It’s good to see you back in the social media sphere, I know that there are plenty of people who follow you and I’m not sure how long since your return, but if I’m not mistaken I remember you were taking a break from it all. I hope you are rested, rejuvenated and well.

    Grateful for your comments,
    Leigh-Anne

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  3. Appreciating the dedication you put into your blog and in depth information you
    present. It’s nice to come across a blog every
    once in a while that isn’t the same outdated rehashed information. Fantastic read!
    I’ve saved your site and I’m including your RSS feeds
    to my Google account.

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    • Hi,

      Thanks so much! I appreciate that and your words…always encouraging to get such great feedback. Sorry about late reply, your message was filtered from my inbox.

      Have a great weekend,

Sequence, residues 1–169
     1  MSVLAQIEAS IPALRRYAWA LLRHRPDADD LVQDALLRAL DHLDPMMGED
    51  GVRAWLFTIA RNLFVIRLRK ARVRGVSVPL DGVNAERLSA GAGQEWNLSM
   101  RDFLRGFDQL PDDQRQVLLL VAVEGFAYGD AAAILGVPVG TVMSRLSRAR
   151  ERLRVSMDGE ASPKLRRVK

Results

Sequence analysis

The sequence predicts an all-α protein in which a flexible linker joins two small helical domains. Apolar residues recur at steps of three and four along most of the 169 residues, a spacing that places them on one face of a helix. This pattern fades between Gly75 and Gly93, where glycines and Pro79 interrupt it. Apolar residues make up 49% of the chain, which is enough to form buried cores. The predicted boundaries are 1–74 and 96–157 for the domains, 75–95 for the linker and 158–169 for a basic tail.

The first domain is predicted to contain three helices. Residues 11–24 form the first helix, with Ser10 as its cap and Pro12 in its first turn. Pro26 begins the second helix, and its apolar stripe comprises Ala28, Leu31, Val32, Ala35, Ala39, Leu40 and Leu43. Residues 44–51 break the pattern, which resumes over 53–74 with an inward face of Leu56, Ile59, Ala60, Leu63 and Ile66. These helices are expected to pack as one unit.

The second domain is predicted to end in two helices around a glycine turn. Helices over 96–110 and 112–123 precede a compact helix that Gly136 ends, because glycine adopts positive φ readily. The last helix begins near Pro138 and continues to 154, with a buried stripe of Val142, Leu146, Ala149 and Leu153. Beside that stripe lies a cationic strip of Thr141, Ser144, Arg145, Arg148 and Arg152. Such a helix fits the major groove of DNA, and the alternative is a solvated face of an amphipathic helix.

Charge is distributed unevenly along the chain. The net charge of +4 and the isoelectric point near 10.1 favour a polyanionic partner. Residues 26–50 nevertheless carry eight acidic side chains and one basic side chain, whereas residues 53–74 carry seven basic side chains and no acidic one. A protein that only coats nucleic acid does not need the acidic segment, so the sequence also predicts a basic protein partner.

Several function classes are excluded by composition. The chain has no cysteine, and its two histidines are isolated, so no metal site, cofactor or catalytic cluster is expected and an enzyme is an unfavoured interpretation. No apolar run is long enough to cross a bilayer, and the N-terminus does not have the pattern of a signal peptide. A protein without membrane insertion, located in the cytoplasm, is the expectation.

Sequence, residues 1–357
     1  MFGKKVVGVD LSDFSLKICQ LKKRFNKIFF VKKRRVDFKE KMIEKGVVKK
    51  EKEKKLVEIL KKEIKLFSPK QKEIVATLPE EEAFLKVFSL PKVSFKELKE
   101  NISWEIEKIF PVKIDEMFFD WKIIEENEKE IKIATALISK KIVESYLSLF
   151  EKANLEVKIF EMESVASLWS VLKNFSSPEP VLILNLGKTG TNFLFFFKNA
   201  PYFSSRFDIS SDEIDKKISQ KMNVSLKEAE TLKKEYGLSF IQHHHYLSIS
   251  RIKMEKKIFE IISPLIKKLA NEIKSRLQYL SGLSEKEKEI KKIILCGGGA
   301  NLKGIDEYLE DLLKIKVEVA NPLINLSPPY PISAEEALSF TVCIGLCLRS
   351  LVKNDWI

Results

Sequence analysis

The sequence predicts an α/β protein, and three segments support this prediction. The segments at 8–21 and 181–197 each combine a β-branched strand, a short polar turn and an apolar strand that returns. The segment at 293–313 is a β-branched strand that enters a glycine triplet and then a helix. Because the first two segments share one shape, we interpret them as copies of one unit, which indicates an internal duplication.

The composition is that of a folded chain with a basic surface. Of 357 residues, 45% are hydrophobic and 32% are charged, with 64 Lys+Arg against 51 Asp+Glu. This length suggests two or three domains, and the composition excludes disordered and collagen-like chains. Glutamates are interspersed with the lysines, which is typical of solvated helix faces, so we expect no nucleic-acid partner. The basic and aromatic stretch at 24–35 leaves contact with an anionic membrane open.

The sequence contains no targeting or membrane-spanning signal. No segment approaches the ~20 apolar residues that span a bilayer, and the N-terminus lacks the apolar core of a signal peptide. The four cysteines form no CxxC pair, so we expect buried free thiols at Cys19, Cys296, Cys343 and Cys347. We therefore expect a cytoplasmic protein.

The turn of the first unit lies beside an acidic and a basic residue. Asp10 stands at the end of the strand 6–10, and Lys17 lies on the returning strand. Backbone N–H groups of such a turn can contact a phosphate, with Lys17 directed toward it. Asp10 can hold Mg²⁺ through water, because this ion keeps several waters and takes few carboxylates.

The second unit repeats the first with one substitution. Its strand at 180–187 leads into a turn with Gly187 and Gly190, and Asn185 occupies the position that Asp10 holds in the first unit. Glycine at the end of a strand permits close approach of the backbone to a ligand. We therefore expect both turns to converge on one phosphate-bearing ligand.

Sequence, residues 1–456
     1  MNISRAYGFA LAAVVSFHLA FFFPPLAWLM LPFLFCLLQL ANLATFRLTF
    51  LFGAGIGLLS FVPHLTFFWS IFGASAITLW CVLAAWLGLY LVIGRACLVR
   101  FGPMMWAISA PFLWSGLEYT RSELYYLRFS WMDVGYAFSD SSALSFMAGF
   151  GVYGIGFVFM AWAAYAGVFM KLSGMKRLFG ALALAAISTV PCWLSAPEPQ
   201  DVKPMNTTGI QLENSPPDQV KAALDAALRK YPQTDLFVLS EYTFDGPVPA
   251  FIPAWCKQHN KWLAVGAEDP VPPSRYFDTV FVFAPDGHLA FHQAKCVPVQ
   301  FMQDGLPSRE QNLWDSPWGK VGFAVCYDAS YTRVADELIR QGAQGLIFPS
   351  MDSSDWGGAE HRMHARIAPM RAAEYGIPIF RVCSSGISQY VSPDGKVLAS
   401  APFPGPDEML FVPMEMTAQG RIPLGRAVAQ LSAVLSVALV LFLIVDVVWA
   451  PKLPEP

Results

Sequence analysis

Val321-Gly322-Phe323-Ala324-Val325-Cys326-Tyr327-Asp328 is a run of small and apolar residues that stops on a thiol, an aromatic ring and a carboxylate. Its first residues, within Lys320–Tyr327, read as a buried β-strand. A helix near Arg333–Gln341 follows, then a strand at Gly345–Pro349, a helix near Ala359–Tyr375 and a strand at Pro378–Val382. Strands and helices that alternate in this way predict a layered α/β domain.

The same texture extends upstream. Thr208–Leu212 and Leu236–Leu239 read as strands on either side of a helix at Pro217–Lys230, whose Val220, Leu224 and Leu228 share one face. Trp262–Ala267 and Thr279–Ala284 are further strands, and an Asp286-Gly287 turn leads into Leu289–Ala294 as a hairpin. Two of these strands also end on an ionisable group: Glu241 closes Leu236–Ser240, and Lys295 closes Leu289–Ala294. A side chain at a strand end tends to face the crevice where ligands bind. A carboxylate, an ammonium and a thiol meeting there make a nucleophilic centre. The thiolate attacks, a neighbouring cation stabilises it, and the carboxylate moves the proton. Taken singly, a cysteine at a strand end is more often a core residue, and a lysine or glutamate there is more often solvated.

Leigh-Anne

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  4. Great post! And so uplifting and inspiring! In the end who care right?! As long as we get into the solution! Woot woot!

    I too struggled with the different concepts of what is alcoholism, and I knew that it wasn’t a moral issue for me. I knew I was doing something wrong, I just could’t stop it.

    Viewing it as a disease always made sense to me. The I found that in 1992 a medical panel defined alcoholism as a disease:
    -Therefore, the committee agreed to define alcoholism as a primary, chronic disease with genetic, psychosocial, and environmental factors influencing its development and manifestations. The disease is often progressive and fatal. It is characterized by impaired control over drinking, preoccupation with the drug alcohol, use of alcohol despite adverse consequences, and distortions in thinking, most notably denial. Each of these symptoms may be continuous or periodic. (JAMA. 1992;268:1012-1014) http://jama.jamanetwork.com/Mobile/article.aspx?articleid=399449

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    • Thanks so much….always aiming to bring inspiration & positivity to recovery. And I am in complete agreement that addiction is a disease! Thanks for sharing the link. Can relate to the information as have experienced it first-hand & know that addiction is in no way a moral failing.

      Thanks again & have a great weekend,
      Leigh-Anne

      Like